Serendipity. Me and Tancredo, of all people.
Start here: The press has been buzzing today about former Colorado congressman and US presidential candidate, Tom Tancredo, having to cut a speech short yesterday at the University of North Carolina at Chapel Hill due to protesters on his stance toward illegal/unauthorized immigration to the US. With regard to state universities, Tancredo is opposed to granting in-state college tuition to children whose parents came to the US outside of legal immigration procedures.
I am not a fan of Tancredo or his policies. The time has come in this country for us to deal once and for all with an issue we have been ignoring for decades, with humanity and compassion for those who have escaped poverty and taken on service jobs most Americans would not. With regard to children of illegal immigrants, my colleagues Sandra Porter and Isis have spoken eloquently and passionately about a solution: the Development, Relief and Education for Alien Minors Act (DREAM) Act. As Isis responded to a commenter:
For many who immigrate to the US, coming here isn’t like moving from the city to the suburbs to get an extra garage bay and a bigger backyard. They flee disease and hunger. They flee oppressive governments. The flee outrageous infant mortality. And they often flee with an idea of what the American dream really means, wanting to work to obtain it. In their native countries there’d be no opportunity for education. To ask them to return home to “fight for it their” would be akin to asking them to return home to die.
However, I am disappointed that student protesters created a scene at UNC yesterday, involving broad pepper spray and Taser threats, that made immigration reform supporters appear as intolerant as the Tancredo camp (higher ed reporter Eric Ferreri posted Tancredo’s official comments here at his Campus Notes blog.)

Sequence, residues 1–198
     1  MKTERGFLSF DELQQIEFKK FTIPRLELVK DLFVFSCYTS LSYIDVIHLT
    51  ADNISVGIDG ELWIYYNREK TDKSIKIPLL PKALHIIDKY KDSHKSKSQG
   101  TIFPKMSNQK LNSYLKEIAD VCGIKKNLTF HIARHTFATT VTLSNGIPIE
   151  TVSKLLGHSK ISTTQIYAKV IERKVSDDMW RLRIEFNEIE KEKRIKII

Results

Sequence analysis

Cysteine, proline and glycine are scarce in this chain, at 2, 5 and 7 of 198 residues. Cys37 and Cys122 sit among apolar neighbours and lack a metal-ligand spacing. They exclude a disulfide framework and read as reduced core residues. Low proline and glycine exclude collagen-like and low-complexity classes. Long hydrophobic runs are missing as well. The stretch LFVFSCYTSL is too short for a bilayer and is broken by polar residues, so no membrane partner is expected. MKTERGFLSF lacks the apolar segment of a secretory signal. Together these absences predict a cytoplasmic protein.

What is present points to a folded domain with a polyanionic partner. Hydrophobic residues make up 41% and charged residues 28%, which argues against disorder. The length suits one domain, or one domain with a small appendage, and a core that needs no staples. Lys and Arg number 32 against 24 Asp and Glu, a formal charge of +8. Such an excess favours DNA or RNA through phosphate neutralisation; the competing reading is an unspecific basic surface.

I would’ve preferred a debate and engagement with Tancredo such as that which occurred at the University of Denver with Colorado’s first Black Speaker of the State House, Terrance Carroll.
Turns out that earlier in the day, I had been leafing through 5280, the city mag from my old high-country stompin’ grounds. (An aside to my colleagues heading out to Denver this weekend for the annual meeting of the American Association for Cancer Research (AACR): pick up a copy of 5280 and use their website for food and drink recs – or e-mail me.).
Therein was a great article on Carroll (click here or on photo above) beginning with a story of his rebuttal to Tancredo’s invocation of the Bible to support immigration intolerance:
Yes, he [Carroll] says, our immigration system is broken, but the nation and Colorado still must confront the demand for low-skill, low-wage workers, the lack of native-born citizens who are willing to fill the jobs, and our inflexible labor laws. “Most importantly,” he says, restricting immigration is “a direct challenge to the moral, cultural, and social fiber of this nation and of this state.”
Later in the evening, once the floor has been opened to questions, an audience member asks what role faith should play in the immigration debate. Tancredo, an evangelical Presbyterian, says, “I believe that I have a responsibility both to the oath of office I take and to my conscience…. That’s my job, and that’s what I need to do, and that’s what I have to do to face my Maker. And I’m comfortable with that…. But nowhere in the Bible can you find me anything that says, ‘Protect the people who’ve violated the law of your land by coming in.’ ”
Carroll, who happens to be a Baptist minister, excitedly raises his hand. “Can I respond to that?” he asks. “Leviticus 19:33 and 34 clearly state that the strangers who live among your land, do not mistreat them, do not oppress them. Treat them as if they are citizens and native born of your land.”
The audience erupts with cheers. [Denver Mayor John] Hickenlooper and [former Governor Bill] Owens laugh out loud at the young upstart’s sudden outburst. “And then it goes on to say, ‘You were aliens in Egypt, so love them as you love yourself,'” Carroll continues. “So there’s a very clear biblical mandate for how we deal with the strangers among us that goes beyond women and children. What it does say–without making the distinction between illegal and legal aliens–it says treat them as if they’re native born. If you’re going to use the Scriptures as a basis, you have to seriously deal with the issue and address it and not work your way around it.”